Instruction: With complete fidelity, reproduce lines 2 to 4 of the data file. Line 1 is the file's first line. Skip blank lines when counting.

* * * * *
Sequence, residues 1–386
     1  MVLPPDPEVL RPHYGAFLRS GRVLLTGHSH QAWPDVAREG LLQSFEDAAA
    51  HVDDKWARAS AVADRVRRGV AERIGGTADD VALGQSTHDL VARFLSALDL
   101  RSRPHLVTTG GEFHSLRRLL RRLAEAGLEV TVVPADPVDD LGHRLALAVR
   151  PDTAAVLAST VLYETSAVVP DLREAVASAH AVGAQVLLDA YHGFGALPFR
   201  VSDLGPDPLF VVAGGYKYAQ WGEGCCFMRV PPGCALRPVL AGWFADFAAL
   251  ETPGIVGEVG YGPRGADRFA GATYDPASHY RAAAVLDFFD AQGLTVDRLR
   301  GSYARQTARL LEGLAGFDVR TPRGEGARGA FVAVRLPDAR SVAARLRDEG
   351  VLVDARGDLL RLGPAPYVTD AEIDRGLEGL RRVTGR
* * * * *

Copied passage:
     1  MVLPPDPEVL RPHYGAFLRS GRVLLTGHSH QAWPDVAREG LLQSFEDAAA
    51  HVDDKWARAS AVADRVRRGV AERIGGTADD VALGQSTHDL VARFLSALDL
   101  RSRPHLVTTG GEFHSLRRLL RRLAEAGLEV TVVPADPVDD LGHRLALAVR